A group of “treasure hunters”, who have been searching for “Nazi gold” for years, announced that they found in Poland a chest of metal, hidden more than 3 meters deep, that could hold four tons of the looted treasures by Nazi leader Adolf Himmler In the Second World War.
The mysterious chest, more than 1.50 cm long and 50 in diameter, was found thanks to a georadar search in an abandoned palace from the 18th century, in the town of Minkowskie (south of Poland49 km from Wrocław).
Hunters now dig thoroughly on the grounds of the palace, which 80 years ago served as a brothel for members of the Waffen H.Hthe elite body of Adolf Hitlerand expect to find a total of 10 tons of gold and other valuables.
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Roman Furmaniakof the Silesian Bridge Foundationwhich is leading the search, said geo-radar readings from the latest search revealed “anomalies” on the ground and that a probe “hit an object” underground, showing “human interference” exists.
The foundation said, however, that it still cannot access the metal chest because they need a government permit to do so. In addition, they are cautious because in the hiding place and the 14 hectares of palace grounds could be booby-trapped by the SS.
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The supposedly hidden treasure in Minkowskie was stolen on the orders of SS chief Heinrich Himmler (1900-1945) towards the end of World War II in order to have funds to establish a Fourth Reich after the fall of Hitler.
The researchers believe that the treasure includes the so-called “Breslau Gold”, which disappeared from the police headquarters from the polish city Wrocthewas well as gold coins, jewelry, and valuables from the private collections of wealthy Germans living in the region.
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Known as Breslau when it was part of Germany, wrocław was one of the cities richest in Hitler’s Third Reich. But, the imminent arrival of the Red Army -from the USSR- caused the Germans to hide tons of gold, bank deposits, jewelry, art and other valuables.
According to an SS officer’s diary, the loot includes 47 works of art of international importance, including works by teachers like Botticelli, Rubens, Cezanne, Carravagio, Monet, Dürer, Raphael and Rembrandt, which are believed to have been stolen from collections in France.
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The researchers also believe that the palace grounds hide dozens of religious objects gathered by the Ahnenerbethat is, the “Society of studies for the ancient history of the spirit”, an SS department created by Himmler with the mission of finding proof of Hitler’s racial theories.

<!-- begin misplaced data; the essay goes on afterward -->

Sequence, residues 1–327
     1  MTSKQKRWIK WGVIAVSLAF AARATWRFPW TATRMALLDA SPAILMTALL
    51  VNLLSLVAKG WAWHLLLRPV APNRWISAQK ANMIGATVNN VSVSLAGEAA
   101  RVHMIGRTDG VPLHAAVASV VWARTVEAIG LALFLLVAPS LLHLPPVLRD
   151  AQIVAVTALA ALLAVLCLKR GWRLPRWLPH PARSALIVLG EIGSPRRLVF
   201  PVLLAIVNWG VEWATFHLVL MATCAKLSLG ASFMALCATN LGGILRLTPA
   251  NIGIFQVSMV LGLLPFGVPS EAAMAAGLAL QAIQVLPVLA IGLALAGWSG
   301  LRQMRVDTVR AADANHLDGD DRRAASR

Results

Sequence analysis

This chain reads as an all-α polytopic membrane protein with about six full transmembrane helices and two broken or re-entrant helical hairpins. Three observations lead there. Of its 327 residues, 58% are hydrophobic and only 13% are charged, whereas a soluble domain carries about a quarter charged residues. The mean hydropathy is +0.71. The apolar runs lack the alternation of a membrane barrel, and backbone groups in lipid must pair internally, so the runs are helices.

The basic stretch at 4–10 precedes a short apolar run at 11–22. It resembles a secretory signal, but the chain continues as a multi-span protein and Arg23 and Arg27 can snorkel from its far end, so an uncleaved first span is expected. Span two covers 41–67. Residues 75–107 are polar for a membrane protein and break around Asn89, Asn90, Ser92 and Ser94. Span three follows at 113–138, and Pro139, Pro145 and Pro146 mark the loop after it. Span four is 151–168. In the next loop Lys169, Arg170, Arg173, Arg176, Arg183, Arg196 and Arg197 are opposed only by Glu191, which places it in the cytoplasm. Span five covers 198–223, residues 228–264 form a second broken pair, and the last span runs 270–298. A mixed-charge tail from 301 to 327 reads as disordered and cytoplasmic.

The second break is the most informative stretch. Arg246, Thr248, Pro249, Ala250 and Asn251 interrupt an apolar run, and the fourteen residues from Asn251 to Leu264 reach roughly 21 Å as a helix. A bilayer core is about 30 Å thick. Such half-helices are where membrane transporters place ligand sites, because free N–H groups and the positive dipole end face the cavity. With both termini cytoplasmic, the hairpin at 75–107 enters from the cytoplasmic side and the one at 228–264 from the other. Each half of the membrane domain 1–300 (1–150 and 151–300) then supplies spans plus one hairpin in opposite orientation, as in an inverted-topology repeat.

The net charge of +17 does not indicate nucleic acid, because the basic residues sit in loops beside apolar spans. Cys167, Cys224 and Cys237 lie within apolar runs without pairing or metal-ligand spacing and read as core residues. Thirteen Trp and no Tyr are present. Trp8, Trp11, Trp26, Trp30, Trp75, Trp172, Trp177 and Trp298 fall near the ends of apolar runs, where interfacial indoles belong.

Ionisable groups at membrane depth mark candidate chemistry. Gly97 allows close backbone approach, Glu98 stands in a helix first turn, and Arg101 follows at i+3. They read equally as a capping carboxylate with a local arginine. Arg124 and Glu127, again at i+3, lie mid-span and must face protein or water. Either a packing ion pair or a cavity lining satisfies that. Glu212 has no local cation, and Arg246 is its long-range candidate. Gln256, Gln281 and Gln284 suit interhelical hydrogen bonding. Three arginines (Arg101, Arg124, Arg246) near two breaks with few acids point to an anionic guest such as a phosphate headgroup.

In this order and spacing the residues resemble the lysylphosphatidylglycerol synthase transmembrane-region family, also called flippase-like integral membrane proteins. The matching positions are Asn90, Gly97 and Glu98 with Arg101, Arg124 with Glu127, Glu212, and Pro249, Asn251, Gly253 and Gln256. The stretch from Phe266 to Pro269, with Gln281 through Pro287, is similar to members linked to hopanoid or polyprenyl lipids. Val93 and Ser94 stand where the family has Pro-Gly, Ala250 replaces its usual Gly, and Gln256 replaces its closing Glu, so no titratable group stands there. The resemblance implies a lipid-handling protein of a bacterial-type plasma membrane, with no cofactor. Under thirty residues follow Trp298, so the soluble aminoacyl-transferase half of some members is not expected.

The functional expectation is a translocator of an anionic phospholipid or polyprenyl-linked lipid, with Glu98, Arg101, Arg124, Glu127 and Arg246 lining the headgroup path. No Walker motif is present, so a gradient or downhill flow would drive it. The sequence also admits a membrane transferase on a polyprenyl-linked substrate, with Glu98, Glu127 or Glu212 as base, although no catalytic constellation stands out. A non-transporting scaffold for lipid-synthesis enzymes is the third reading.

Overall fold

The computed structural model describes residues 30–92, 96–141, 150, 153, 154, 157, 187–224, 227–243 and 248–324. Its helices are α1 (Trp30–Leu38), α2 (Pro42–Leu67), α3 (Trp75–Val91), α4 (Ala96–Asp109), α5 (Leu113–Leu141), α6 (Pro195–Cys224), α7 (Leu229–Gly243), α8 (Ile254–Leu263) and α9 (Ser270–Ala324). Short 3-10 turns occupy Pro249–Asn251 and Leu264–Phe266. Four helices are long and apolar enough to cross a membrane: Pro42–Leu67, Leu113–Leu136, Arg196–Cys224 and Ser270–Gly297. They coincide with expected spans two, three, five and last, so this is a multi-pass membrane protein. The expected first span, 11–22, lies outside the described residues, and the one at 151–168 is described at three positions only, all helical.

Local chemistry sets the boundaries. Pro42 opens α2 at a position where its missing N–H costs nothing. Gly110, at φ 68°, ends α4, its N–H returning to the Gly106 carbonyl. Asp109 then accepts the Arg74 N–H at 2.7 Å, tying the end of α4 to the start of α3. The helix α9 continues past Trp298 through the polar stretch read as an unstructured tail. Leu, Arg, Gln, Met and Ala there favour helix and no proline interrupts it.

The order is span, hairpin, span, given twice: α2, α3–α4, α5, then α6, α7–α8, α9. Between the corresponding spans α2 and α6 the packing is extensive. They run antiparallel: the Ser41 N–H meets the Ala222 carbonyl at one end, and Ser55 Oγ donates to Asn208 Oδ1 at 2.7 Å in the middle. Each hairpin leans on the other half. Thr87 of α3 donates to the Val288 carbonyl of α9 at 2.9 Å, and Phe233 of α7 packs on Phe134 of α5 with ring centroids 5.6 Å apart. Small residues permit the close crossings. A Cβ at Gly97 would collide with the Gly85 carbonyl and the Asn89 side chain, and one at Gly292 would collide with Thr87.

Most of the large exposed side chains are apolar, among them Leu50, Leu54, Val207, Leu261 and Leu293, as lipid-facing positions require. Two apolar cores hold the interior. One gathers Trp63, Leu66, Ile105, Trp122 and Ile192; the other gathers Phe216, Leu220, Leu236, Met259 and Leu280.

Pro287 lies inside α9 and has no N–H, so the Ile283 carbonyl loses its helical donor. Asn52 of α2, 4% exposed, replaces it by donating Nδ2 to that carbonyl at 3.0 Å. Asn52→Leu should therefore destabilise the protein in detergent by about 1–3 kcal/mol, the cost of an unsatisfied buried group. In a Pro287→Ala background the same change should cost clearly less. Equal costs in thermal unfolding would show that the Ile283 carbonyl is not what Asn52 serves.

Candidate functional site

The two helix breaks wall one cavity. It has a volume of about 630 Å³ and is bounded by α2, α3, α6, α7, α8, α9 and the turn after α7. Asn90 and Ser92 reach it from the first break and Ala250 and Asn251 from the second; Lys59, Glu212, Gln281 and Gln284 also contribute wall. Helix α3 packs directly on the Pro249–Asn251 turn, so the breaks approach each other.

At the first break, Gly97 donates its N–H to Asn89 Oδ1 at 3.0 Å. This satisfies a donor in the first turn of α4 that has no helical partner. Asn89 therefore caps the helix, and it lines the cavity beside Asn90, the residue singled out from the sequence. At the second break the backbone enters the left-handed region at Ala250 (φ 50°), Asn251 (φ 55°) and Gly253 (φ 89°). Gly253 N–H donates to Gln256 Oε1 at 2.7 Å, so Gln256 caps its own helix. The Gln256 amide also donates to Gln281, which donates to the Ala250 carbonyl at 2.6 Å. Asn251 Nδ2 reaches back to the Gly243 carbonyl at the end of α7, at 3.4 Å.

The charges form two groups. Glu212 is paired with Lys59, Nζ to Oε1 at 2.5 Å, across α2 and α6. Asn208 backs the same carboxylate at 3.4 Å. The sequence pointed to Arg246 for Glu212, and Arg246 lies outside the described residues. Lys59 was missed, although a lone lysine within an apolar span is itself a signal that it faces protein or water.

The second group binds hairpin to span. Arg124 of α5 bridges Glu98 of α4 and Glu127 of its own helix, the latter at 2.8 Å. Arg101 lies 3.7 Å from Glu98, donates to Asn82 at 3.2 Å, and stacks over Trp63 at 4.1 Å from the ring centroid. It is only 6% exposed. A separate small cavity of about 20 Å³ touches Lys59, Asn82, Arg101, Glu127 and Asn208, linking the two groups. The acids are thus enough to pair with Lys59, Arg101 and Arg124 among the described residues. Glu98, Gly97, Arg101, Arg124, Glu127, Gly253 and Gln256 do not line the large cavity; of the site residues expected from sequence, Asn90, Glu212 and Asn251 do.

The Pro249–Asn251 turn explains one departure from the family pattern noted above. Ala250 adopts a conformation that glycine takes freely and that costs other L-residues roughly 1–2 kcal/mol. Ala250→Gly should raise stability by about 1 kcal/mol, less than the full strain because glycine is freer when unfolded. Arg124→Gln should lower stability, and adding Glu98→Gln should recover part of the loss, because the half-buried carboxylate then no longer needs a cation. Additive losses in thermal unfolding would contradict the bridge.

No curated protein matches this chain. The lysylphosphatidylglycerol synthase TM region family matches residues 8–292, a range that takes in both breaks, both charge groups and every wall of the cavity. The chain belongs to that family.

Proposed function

According to legend, the treasure was collected from the police headquarters building and packed in boxes which would later be transported by an SS guard from Breslau to what was then the town of Hirschberg and then the Sudeten Mountains.
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But shortly after the troops left, the trail of the treasure was lost. One of the theories is that was stolen on Himmler’s order to help create a Fourth Reich.
The location was revealed by documents that had remained secret until now, the diary of an SS officer and a map that investigators received from the descendants of officers belonging to the secret lodge from Quedlinburg, with 1,000 years of history.
Furmaniak said the lodge, a partner of Hitler during the 1930s and 1940s, made the diary and documents available to his foundation as a “gesture of atonement” for the suffering of Poles at the hands of Germany during the war.
Inge, the guardian of the treasure, took the secret of its location to her grave
Among the documents investigated is a letter from the Nazi official to one of the girls who worked in the palace and who later became his lover: “My dear Inge, I will fulfill my task, with the will of God. Some transports were successful. wrote him.
“The remaining 48 heavy chests of the reichsbank and all family chests I hereby entrust to you. Only you know where they are. May God help you and help me fulfill my mission”, the letter ends.
“She was in love with the handsome officer in a black SS uniform. They were like gods. She believed that she would have to stay there for a year, maybe two, then it would all be over,” Furmaniak recounted.
He continued: “No one believed then that the region would come under the control of the Soviet Union. There was a period of two months in 1945 when he had to hide in the woods from the Russians. But when he came back the area had not been disturbed.”
At the end of the war, when the region was handed over to the Soviets, the entire German population was expelled and the Poles who had been living in western Ukraine arrived. To mingle with the new population, Inge changed her appearance and identity, and continued to guard the treasure until her death 60 years later..
Photos: Europa Press / The Daily Mail
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